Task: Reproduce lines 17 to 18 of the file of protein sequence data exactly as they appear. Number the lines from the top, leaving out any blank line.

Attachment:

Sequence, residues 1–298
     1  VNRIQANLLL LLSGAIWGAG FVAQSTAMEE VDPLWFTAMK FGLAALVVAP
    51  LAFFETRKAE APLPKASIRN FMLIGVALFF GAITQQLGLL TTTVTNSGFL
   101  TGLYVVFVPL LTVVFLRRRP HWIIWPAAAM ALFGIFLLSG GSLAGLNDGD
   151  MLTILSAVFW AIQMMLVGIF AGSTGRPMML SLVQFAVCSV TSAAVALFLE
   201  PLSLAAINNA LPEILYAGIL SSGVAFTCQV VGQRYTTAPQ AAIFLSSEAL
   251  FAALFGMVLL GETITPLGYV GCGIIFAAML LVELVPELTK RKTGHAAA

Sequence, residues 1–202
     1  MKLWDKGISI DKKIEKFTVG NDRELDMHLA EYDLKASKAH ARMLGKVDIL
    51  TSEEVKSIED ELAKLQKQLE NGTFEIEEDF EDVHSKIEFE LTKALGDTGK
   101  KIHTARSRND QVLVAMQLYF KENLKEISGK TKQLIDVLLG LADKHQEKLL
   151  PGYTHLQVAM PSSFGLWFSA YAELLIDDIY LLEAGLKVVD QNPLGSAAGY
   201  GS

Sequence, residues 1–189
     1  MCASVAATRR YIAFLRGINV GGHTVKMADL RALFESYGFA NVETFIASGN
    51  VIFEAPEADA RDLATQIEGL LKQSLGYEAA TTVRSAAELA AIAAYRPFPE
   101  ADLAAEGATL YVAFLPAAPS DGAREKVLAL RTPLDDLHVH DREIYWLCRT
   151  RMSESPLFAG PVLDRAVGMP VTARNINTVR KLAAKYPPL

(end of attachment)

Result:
   101  ADLAAEGATL YVAFLPAAPS DGAREKVLAL RTPLDDLHVH DREIYWLCRT
   151  RMSESPLFAG PVLDRAVGMP VTARNINTVR KLAAKYPPL